The Patients’ Rights Directive in Cross-border Healthcare aims to encourage cooperation between national health authorities in access to diagnosis and delivery of high-quality, accessible and cost-effective healthcare. The establishment of hospital networks ensuring non-stop 24/7 coverage of primary angioplasty could be implemented in cross-border settings to reduce time to treatment, whilst also contributing to a more rational use of resources.
Professor John Martin explains the case for cross-border cooperation in acute coronary care settings
The October 2013 deadline for the transposition of the Patients’ Rights Directive on Cross-border Healthcare into national legislation provided a timely opportunity to look at the current extent of cross border collaboration for treating STEMI patients. Structured interviews were carried out with interventional cardiologists in ten countries across Europe. The Member States studied were Austria, Greece, Latvia, Lithuania, Northern Ireland, Poland, Portugal, Slovenia, Spain, and Sweden. The survey provides a snapshot of the current situation regarding formal cross-border arrangements for STEMI patients in those countries, and is not intended to be an exhaustive account of STEMI management in border areas in Europe.
The study was commissioned by DG SANCO as part of the Commission’s on-going work in cross border cooperation in the field of healthcare.
The study revealed a surprising absence of collaborative agreements, or lack of implementation of existing bilateral agreements for this critical condition– at least, based on the best knowledge of the experts interviewed. The findings also suggest that despite the ESC guidelines, there are continuing, major variations in treatment utilization. A significant proportion of eligible patients are not receiving any treatment at all, and an estimated 40-50% of European STEMI patients are not currently treated with primary angioplasty. Given the prevalence of acute heart attacks as a cause of death and morbidity in the EU this situation needs to be urgently addressed.
Other key findings: The most commonly mentioned challenges in the treatment of STEMI patients across borders were differing reimbursement systems, the need for joint training programs for healthcare professionals, consistent data registries and the organisation of Emergency Medical Systems (EMS). In relation to the last point, the use of the 112 European emergency number is a key area where more action is required to encourage its use. And although there is anecdotal evidence of border populations that might benefit from greater collaboration, there is a little data about which criteria or variables should be used to identify priority areas for action.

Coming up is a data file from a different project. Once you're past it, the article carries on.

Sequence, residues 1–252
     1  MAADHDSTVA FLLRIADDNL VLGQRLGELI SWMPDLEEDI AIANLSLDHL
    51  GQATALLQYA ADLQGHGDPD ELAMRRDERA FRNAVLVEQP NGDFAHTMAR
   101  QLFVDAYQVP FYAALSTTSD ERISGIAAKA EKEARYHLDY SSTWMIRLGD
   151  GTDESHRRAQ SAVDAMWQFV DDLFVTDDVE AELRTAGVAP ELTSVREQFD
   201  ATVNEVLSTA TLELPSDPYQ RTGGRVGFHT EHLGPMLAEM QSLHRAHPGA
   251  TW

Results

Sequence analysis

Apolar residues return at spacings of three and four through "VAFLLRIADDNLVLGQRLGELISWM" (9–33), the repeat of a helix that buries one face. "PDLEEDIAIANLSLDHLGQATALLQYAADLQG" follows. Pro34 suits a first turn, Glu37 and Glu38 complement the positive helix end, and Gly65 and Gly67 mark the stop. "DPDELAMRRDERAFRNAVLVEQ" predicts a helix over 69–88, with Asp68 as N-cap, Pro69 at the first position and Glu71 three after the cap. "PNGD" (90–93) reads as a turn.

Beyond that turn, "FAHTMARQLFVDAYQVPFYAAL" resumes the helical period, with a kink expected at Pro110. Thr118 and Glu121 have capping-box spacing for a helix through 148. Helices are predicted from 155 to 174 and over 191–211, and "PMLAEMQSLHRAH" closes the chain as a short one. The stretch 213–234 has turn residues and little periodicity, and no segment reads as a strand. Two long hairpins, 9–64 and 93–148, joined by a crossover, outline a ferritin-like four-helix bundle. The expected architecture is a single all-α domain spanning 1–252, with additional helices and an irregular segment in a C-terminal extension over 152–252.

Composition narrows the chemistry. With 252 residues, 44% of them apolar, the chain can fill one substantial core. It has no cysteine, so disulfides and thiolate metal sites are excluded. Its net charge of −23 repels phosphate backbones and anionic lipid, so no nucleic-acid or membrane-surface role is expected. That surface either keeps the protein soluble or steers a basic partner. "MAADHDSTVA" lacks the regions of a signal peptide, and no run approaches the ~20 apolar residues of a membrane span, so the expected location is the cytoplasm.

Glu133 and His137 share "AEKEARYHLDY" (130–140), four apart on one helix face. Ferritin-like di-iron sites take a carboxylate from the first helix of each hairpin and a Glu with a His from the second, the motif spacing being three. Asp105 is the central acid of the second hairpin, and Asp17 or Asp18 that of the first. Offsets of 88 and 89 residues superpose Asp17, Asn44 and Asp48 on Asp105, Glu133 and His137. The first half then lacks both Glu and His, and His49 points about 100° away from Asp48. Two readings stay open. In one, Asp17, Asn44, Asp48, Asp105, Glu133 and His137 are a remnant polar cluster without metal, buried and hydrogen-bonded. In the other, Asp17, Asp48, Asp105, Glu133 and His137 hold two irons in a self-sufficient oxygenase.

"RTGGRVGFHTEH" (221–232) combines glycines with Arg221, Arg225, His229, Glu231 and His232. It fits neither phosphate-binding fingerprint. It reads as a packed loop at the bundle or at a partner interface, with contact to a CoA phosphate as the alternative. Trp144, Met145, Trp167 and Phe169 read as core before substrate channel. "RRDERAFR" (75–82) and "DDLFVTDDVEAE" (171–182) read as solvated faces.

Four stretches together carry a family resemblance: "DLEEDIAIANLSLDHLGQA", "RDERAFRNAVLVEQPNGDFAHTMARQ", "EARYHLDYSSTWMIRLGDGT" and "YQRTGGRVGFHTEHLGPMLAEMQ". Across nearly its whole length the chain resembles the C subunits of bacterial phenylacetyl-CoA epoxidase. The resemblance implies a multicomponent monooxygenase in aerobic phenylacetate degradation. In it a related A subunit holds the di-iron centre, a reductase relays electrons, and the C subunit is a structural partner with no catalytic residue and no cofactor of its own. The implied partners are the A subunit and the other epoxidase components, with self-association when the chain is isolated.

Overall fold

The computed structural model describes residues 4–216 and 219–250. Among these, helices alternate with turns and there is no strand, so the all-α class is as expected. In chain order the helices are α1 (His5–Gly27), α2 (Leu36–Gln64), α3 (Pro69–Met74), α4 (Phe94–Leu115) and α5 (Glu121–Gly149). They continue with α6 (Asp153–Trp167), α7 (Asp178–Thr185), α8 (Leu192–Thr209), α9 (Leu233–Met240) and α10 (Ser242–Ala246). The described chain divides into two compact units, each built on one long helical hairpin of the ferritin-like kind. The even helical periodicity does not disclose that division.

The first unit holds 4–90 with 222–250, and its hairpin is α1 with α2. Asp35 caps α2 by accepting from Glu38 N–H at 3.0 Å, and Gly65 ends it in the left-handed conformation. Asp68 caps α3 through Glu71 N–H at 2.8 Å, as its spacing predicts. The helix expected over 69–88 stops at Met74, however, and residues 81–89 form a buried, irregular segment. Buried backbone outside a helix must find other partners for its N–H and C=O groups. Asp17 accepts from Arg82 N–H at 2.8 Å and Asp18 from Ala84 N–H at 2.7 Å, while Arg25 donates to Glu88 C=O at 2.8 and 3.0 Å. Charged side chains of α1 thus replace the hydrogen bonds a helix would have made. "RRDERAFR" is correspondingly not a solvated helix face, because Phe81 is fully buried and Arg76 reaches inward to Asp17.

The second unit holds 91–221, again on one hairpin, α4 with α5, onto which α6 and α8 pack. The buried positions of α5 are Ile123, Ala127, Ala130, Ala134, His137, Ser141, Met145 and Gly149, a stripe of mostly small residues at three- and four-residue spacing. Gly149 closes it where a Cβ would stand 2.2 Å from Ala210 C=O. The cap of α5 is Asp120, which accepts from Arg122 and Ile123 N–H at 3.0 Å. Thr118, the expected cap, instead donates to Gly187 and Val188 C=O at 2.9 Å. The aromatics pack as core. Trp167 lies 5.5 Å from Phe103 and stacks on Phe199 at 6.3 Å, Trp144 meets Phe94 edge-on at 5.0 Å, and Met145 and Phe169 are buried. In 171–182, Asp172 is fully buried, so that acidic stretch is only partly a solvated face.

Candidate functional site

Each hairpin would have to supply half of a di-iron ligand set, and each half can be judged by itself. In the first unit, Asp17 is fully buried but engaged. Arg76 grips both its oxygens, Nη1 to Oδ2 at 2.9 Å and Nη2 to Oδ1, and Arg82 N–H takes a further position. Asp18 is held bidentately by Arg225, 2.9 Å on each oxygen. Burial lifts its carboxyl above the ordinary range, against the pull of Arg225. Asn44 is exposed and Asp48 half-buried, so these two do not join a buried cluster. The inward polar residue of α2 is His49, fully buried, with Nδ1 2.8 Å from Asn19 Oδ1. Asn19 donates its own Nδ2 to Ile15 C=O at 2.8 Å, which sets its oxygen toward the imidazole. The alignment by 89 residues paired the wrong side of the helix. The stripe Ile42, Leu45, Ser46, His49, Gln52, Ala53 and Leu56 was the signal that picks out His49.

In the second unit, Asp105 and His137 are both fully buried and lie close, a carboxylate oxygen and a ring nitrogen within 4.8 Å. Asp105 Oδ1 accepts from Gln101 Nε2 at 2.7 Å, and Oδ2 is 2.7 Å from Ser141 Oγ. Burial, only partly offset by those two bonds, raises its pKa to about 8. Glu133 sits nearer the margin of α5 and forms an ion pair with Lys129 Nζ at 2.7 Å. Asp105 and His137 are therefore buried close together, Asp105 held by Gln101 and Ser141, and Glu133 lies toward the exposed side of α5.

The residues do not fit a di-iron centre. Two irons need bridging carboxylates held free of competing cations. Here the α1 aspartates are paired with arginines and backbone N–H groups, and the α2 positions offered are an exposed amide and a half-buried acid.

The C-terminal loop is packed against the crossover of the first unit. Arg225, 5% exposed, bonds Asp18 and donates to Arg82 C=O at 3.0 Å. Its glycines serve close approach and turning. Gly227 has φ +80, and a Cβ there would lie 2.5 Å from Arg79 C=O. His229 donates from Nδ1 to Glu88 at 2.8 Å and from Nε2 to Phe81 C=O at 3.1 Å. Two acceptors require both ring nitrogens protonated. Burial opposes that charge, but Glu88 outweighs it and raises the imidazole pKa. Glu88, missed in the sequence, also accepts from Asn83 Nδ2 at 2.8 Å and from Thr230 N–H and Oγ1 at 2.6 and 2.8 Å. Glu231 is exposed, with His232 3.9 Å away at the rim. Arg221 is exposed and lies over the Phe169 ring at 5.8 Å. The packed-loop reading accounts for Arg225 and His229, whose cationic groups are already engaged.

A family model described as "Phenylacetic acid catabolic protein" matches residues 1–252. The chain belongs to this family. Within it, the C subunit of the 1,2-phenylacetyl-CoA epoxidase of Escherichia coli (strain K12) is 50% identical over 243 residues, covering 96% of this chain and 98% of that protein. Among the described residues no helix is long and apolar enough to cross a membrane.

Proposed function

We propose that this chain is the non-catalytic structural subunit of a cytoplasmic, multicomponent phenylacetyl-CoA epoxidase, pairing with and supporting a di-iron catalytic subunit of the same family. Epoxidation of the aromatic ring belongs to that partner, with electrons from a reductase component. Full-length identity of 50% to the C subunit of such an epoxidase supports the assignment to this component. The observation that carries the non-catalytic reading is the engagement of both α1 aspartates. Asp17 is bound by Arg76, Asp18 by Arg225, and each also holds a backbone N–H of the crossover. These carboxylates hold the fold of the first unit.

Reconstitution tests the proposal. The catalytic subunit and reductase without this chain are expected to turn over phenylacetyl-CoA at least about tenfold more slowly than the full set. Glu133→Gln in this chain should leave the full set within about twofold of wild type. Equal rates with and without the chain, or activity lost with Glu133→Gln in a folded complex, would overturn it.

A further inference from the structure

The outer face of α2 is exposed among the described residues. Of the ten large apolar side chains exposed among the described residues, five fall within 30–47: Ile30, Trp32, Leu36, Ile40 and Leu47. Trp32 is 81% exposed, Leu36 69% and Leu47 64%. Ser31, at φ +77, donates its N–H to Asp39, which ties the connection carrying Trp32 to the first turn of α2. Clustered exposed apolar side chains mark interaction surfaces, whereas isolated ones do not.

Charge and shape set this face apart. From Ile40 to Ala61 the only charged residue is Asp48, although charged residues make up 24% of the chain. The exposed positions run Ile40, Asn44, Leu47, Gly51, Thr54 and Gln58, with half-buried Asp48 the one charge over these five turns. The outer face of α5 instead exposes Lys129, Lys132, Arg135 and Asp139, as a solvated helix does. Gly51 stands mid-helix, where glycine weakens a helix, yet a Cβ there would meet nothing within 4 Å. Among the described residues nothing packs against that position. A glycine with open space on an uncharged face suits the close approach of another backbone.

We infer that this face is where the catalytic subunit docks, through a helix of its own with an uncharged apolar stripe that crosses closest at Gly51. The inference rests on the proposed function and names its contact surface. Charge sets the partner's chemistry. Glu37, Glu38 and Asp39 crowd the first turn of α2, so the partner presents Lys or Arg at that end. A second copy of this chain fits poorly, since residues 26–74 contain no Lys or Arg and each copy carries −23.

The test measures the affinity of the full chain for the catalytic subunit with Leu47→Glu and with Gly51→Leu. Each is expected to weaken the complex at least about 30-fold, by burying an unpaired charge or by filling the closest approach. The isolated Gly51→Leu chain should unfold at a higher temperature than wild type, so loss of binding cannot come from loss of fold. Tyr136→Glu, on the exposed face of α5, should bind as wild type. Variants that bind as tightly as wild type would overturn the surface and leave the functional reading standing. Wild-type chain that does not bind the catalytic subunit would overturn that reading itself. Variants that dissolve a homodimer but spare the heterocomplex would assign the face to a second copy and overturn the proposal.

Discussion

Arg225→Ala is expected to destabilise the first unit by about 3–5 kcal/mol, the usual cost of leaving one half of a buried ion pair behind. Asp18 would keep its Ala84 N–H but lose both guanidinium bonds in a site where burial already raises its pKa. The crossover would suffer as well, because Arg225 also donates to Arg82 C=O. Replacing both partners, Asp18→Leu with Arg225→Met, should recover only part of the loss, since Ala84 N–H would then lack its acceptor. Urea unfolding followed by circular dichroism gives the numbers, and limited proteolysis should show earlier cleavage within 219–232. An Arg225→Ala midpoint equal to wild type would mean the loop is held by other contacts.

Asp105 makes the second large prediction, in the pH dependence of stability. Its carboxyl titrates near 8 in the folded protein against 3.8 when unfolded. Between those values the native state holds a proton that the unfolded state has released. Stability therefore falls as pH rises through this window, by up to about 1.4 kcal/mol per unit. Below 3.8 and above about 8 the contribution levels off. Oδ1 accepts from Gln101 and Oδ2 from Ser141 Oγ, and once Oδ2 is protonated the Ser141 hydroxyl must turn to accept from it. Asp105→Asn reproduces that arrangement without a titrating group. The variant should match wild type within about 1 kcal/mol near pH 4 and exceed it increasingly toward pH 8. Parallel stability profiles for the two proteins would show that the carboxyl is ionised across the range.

Finally, while the cardiologists interviewed were overwhelmingly open to the idea of greater collaboration, many drew attention to the longstanding need to overcome challenges and barriers between regions in their own countries to implement best practice. Many felt that political action at national and EU level would be helpful in overcoming internal as well as cross-border barriers to collaboration.
Read the full report here
On 3 June 2013, the European Critical Care Foundation in alliance with Stent for Life Initiative briefed the European Commission's Committee on the Cross-border Healthcare Directive. Click here to find out more about the briefing.
The case for cross-border collaboration: a pilot project to improve access to primary angioplasty to treat acute heart attack patients across borders between Italy, Slovenia and Croatia
The ongoing implementation of the cross-border healthcare directive provided a timely opportunity to examine more closely the issues influencing delivery of timely reperfusion to eligible patients with severe heart diseases, focusing on one particular border region within Europe. Co-hosted by the Friuli Venezia Giulia region, and with the generous support of the Progetto Mattone Internazionale, ECCF collaborated with the University hospital of Trieste, to develop a pilot project for collaboration across borders between Italy, Croatia and Slovenia, beginning with a multi-stakeholder workshop.
Bringing together cardiologists, politicians and public health experts, the objectives of the workshop were to:
Ultimately, the pilot project might be replicable to other cross-border settings both regional/internal and national/cross-border. This would increase patient access to best treatment, reduce patient mortality and morbidity and therefore improve outcomes for individuals and healthcare systems.
See a summary of the meeting outcomes
For each 30 minute delay from symptom onset to treatment, the relative risk of 1 year mortality increases by approximately 7.5%.
Implementing pPCI networks have been shown to decrease STEMI mortality.
A key barrier to timely access to treatment is the failure to call an ambulance as soon as heart attack symptoms are observed. Public campaigns affect decision-making processes and increase the likelihood of achieving new behaviours. Withdrawal of public awareness campaigns has been associated with a decline in beneficial effects.